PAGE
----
blossom of snow may you bloom and grow
We have what you would call a difficult garden. Parts of it are shady and wet, almost swamp-like, while other areas are dry as a bone. I like to refer to one particular terraced flower bed as Death Valley Meets The Bermuda Triangle. No matter how much we watered and fertilized and fussed, most anything we planted there seemed to immediately die a crispy brown death or gradually get sucked down into the bowels of the earth never to be seen again.
A couple of months ago, tired of pouring money into a hopeless project, we had a brilliant idea. Why not fill the two upper tiers of the bed with container plants that can be moved around at will, and leave the lower level for the few little green things that will actually grow there?
As luck would have it, one of the flowers that seems to do well there is one of my very favourites - the Leontopodium alpinum, more commonly known as Edelweiss (or Edelweiß if you happen to have a ß on your keyboard).
The Edelweiss is a well-known alpine flower related to the sunflower. The German name Edelweiß is a combination of the words 'noble' and 'white'. The Latin name Leontopodium means 'lion's paw'.
Tiny white hairs covering the silvery leaflets surrounding the yellow flower heads give the plant a wooly appearance.
I did have some plants several years ago but they disappeared after a while, much to my dismay. I had thought that the damn flower bed was the culprit but I have since learn that the Bermuda Triangle was not to blame. Apparently the Edelweiss is a short-lived perennial that eventually does die off and need replacing. Who knew?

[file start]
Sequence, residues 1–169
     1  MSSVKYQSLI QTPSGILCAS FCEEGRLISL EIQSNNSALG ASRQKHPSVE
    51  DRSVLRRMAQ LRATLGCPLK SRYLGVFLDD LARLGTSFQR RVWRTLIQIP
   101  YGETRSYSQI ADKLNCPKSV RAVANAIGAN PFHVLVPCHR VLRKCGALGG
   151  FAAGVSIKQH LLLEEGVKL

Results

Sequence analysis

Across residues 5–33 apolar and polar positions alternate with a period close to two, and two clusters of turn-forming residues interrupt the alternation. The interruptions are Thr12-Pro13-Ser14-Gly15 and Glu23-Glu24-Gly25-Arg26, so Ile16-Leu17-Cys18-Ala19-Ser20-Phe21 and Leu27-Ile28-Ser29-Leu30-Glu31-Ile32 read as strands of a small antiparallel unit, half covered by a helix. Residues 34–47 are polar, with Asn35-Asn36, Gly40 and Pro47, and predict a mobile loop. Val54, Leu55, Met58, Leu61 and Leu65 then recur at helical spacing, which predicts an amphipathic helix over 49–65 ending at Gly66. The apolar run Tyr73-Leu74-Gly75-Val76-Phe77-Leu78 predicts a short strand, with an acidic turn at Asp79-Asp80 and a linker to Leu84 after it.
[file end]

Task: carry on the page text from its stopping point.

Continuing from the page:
What's so attractive about these fuzzy blooms, you ask? Well, for me the Edelweiss is not about looks or fragrance or longevity, it's about the sentimental value the flower holds for me.
When I was a child I used to love looking through the family photo albums. Along with the pictures I remember the dried Edelweiss flowers that were pressed between the pages. Flowers that my Austrian grandfather had climbed all the way up a mountain to get for us. Once in a while we'd get another one in the mail and off it would go into the album for safekeeping. My mother also had a beautiful Edelweiss pendant necklace, made from a real flower and strung on a black velvet ribbon. I got to wear that necklace on special occasions.
Nowadays you can buy Edelweiss plants at any German garden centre, as I did. And looky here, you can even buy them from a company in British Columbia that grows them in the Rocky Mountains. However the Edelweiss still remains an endangered species and is protected in many European countries with the request to hikers not to pick any flowers they may find in the wild.
Contrary to popular belief, the Edelweiss is not the offical flower of Austria. It is, in fact, the inofficial flower of Switzerland, although the Austrians do use the Edelweiss on their 2 euro cent coins.
So I plant Edelweiss in my garden to remind me of my grandparents and of my dad's Austrian heritage. When he left his home country to start a new life in Canada, he still had his roots in mind.
This post shows a picture of my parents' first house, and below you can see what the family homestead from the mid 60's to the early 90's looked like. I think it has a certain alpine flair to it, especially since my parents insisted on having it built on a rock! The house itself was white with brown trim and a red tile roof.
When the house was sold, the new owners painted it pink and put in lots of glass and chrome. Eeep. I don't even want to think about it.
And now we come to everyone's all time favourite movie - The Sound of Music. Well, maybe not everyone's. Ask an Austrian about it and he'll most likely say "Heh??" And if you try to imply that the song "Edelweiss" sung in the film must be Austria's national anthem, you better be prepared for some funny looks.
I do like that song very much, though, national anthem or not.
Every morning you greet me
Small and white
Clean and bright
You look happy to meet me
Blossom of snow
May you bloom and grow
Bloom and grow forever
Bless my homeland forever
But really, to get the full effect you need to watch this video of a very handsome Christopher Plummer singing to his many well-behaved film children and a cute-as-a-button Julie Andrews.